can't speak as to whether any of the above is true or not, but i would note that the beauty of the junior slams and high grade itf's is that if you can get there, the tournament per diems and/or lodging and food allowance and/or on site perks cover most of what's needed to participate so that if the usta does cover the transportation costs to get there, anyone should be able to play if they really want.

Port Washington Authority said...

devils advocate,

Unless you know for certain what the truth of the matter is, you've got no right to say to anyone that "At least now you are asking questions and trying to understand the scenario instead of blaming without knowing." If you really do know, why not just bring forth the necessary information instead of acting like a schmuck.

Simple fact remains. The standard complaint is that US men cannot play on clay. Taking a team of juniors , guys who'll probably end up on tour in the future, to play in Europe gives them an early understanding of playing on clay. They might lose every match but they'll never lose the experience or the understanding of how much work is ahead of them.

Reality check USTA - the French Open and ALL clay court events should be at the top of your list and your number 1 priority. If you aren't making it your main focus then you are failing in your duty.

The Aussies, the Swedes and a host of other countries including, at times, our own have shown that the team environment pushes and inspires the individual. Now we're abandoning it and telling the kids to go do it themselves? That is just insipid management.

Trouble with the USTA is that the people involved have a way too provincial mentality. So long as they're putting up a good front here in the States or in front of their home crowd they dont care whether they're helping American tennis internationally or not.

Richard said...

I have read a few of the usta blogs this year and there have been some teams going to Spain to train on the European red clay for a significant period of time. The usta shift has been to train more on clay.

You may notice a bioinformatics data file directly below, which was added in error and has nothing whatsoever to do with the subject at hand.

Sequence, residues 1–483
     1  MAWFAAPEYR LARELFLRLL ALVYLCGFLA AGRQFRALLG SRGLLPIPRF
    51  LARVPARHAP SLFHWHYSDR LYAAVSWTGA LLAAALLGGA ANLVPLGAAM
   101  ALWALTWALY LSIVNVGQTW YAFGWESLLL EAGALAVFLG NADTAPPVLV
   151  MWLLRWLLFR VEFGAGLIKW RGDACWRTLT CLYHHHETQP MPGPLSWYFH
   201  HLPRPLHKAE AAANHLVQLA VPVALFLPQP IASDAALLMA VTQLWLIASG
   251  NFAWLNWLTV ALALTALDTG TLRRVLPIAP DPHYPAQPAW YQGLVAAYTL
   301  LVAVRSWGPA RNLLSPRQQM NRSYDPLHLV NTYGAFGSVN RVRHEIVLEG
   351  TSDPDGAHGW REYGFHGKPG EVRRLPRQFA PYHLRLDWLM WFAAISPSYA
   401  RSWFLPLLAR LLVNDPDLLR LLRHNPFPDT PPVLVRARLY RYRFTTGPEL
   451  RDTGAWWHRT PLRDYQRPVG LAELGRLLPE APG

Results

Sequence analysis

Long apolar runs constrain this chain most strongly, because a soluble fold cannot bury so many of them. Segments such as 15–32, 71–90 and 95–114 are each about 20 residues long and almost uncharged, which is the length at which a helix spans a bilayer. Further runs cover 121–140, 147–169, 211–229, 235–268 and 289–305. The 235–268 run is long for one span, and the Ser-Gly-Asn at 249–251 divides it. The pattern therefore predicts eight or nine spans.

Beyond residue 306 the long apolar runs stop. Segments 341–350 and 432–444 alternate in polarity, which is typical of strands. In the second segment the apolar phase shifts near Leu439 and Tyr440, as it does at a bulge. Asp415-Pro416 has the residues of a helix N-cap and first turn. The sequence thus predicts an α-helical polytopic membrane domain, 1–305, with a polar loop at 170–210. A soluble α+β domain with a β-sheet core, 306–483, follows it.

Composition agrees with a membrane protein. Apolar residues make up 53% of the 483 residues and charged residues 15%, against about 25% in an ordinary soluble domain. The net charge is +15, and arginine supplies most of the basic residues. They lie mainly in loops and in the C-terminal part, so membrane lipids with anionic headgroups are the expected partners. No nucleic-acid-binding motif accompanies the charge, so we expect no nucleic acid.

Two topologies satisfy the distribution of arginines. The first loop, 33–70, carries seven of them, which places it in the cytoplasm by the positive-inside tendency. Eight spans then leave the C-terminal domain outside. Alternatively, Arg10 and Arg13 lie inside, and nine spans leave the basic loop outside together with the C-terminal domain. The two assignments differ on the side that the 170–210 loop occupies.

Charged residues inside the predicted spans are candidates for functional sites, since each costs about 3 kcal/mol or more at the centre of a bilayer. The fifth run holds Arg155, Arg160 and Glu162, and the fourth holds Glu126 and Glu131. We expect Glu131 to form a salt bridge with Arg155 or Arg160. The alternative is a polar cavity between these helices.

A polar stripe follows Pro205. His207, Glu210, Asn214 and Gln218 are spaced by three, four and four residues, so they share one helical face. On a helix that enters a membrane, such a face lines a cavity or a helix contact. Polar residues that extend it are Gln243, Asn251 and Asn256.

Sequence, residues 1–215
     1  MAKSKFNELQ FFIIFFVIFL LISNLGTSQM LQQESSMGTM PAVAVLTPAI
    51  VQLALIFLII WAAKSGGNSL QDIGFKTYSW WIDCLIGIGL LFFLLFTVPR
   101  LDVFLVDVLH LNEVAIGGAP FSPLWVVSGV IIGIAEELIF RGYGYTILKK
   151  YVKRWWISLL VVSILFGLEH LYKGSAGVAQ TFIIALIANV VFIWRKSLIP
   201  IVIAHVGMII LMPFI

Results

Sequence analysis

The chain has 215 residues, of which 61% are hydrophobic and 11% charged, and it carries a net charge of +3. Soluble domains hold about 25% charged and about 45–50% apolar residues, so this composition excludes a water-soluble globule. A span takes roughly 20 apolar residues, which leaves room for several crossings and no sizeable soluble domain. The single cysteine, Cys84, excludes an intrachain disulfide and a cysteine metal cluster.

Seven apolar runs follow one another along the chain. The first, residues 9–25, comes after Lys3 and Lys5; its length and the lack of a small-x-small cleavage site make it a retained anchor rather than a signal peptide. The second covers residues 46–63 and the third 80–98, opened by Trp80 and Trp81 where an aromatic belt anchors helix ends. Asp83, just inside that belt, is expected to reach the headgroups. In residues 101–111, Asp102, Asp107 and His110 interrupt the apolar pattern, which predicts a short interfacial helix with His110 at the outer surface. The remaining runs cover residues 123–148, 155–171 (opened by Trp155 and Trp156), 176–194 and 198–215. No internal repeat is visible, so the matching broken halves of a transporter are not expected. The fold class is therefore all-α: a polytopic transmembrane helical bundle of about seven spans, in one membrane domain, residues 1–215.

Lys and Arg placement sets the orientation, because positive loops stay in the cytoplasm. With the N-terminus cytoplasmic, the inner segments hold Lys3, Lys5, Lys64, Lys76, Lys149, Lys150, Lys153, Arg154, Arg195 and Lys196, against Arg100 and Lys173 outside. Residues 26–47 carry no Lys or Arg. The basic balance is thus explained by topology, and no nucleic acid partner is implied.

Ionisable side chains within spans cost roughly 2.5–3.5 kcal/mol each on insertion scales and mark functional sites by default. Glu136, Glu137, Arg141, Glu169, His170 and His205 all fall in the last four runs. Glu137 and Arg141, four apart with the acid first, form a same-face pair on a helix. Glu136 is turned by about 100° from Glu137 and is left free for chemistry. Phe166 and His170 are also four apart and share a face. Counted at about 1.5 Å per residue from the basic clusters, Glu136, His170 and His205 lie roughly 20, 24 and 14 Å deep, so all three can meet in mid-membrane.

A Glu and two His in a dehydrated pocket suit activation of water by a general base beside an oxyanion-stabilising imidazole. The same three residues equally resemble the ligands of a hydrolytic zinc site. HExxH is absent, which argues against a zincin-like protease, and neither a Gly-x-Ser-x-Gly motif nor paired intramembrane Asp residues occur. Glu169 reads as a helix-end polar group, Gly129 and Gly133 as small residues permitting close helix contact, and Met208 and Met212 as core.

tennis said...

its $1500 by the way, along with any other grants given by the usta.

Colette Lewis said...

$1500 is for Australia. The USTA website says $1000 for French and Wimbledon player grants.

Tennis Fan said...

Just read an AP Sports article that says "the USTA now spends about $15 million annually to try to groom future top players." Now we all know that the majority of that money goes to Patrick McEnroe and Jose Higueras' salary. Also, they spent all that money to "partner" with Evert's and they (USTA) only has access to 6 courts. Who are they developing with such limited access?

jrpro, I agree with you. The USTA throws money around. And the plan that Patrick talks about in the article, where is it?

jrpro said...

To tennis fan,

$1000 to go to both the french and then $1000 to England is peanuts. The cost for a coach or parent to accompany the player, unless the player goes alone which would be a mistake, is a couple extra thousand for each tournanent. And the free food, lodging ect only covers the number of days the player is in the tournament, so there is the added expense for the days the player is out, plus stringing ($30 a racket), snacks (the exchange rate sucks) etc. The out of pocket costs add up very quickly. As for USTA's $15 MM to groom top players, have not a clue where that is going besides the Boca site and salaries, certianly not in player grants. But clearly in addition to the bloated salaries of Patrick and Jose, you have a staff of overpaid USTA coaches being paid 3 times what is necessary to get a solid coach. It's the quintessentail old boys network.